Today’s daf (Ketubot 61a) quotes a number of teachings from Rav Yitzchak bar Chananya, including one which states that if a waiter is serving you certain incredibly tasty foods whose aroma is so engaging that people can crave this food to the point of making themselves unwell simply by seeing and smelling it, then as an expression of human sensitivity and concern for the welfare of another, one should offer some of the food to the waiter.
Significantly, this teaching – which is predicated on the fact that the waiter will not have a chance to taste the food later on and thus would not apply if they will (see Biur Halacha OC 169) – is codified in the Shulchan Aruch (Orach Chaim 169:1). Yet notwithstanding this fact, this rule is generally not observed (see Biur Halacha ibid.) although, as the Piskei Teshuvot notes, if such a situation arises, the waiter should be offered some food.
What we learn from here is that even in transactional relationships we must never be insensitive. Instead, even when paying someone for their services, we must be incredibly considerate towards them.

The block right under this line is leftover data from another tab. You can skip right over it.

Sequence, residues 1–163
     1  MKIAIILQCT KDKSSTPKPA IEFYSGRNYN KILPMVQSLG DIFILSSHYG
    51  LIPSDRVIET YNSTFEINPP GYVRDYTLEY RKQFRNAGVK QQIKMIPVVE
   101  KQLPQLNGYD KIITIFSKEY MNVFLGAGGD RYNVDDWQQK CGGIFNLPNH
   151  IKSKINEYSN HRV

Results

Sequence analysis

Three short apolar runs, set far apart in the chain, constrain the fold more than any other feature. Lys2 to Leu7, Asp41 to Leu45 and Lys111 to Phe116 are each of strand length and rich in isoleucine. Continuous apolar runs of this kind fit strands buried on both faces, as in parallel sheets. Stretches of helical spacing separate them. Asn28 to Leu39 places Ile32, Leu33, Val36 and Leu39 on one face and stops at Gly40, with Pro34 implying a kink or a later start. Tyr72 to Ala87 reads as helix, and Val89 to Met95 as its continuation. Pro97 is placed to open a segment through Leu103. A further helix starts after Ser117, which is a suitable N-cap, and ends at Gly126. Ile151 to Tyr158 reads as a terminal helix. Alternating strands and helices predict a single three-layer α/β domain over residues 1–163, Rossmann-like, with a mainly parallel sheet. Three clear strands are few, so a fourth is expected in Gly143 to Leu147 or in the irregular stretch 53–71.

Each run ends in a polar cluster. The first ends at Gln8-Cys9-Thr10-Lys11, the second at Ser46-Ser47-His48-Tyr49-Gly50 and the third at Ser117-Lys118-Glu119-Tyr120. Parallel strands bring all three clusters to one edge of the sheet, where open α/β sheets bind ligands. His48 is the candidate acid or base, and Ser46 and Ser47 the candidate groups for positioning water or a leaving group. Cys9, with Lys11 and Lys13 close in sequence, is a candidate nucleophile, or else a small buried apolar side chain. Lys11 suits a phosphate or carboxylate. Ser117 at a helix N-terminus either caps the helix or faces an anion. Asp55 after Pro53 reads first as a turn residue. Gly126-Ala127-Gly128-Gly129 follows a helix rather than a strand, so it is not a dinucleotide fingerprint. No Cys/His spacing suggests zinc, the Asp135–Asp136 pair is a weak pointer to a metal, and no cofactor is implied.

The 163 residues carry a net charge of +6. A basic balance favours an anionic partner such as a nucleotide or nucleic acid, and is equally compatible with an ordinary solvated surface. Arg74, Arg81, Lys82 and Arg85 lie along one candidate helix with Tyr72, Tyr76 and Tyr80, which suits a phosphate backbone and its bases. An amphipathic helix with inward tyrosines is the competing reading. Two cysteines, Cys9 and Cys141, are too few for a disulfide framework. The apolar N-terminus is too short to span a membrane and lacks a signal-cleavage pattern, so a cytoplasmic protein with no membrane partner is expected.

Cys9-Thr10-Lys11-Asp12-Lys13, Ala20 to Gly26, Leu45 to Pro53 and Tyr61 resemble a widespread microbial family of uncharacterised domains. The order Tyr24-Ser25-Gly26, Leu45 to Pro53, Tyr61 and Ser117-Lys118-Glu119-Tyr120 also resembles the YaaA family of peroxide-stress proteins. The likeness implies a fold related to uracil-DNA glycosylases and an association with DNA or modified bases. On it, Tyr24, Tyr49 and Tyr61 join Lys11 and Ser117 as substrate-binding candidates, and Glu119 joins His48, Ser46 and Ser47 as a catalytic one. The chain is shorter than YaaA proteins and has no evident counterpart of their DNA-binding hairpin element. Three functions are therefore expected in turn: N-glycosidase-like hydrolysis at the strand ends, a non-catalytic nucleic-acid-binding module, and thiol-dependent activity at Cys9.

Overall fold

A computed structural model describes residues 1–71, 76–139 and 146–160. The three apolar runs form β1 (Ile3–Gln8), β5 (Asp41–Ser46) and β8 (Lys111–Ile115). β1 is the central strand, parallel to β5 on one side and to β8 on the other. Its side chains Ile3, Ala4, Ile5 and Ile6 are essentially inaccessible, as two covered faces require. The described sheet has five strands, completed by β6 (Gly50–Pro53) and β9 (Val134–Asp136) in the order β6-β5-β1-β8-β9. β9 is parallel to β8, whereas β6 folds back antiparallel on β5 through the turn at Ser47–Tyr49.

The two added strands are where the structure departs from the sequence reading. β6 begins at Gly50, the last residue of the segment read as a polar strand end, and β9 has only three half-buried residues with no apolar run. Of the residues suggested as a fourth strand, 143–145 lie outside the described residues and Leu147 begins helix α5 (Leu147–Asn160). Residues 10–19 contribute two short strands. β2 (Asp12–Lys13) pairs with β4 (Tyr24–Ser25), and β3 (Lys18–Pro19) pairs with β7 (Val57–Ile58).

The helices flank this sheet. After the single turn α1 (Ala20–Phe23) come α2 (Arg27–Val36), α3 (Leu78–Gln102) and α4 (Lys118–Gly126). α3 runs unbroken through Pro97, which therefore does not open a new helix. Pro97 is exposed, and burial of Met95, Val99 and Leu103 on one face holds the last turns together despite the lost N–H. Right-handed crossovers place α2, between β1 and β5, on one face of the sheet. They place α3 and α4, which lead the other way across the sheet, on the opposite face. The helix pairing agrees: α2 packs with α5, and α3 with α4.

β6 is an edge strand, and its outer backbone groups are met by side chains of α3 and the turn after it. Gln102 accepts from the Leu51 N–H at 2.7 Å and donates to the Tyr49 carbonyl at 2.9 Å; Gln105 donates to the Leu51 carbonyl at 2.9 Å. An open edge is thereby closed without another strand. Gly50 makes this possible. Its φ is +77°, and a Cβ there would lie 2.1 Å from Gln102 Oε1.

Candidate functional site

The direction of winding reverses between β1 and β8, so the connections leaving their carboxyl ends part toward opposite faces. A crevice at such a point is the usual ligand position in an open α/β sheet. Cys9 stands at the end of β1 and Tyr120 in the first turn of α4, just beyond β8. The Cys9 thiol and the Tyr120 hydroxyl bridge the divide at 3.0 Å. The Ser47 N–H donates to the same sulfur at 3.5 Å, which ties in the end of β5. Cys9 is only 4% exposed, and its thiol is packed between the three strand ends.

Yet beyond taking this rule literally, we can also apply it more broadly to Torah & mitzvot, such that if you are performing a mitzvah, you should look around and see whether there are those in the vicinity who do not have what you have but who may be craving what you have. They may see you put on tefillin and not have a pair. They may see you wave the four species and not have their own set. They may be hungry and in need of a meal. And they may be wishing to learn more Torah and are looking for someone to learn with.
And in addition to all this, while our Gemara describes the situation of a waiter seeing, smelling and craving food, we also need to be cognizant of the fact that there are times when our social media posts can lead others to crave what we have, and as such, we should be sensitive when we share what we do, and be generous wherever possible with what we have.
Ultimately, considering the needs of others and sharing what we have – especially when our plate is full – is part of what it means to be a Jew.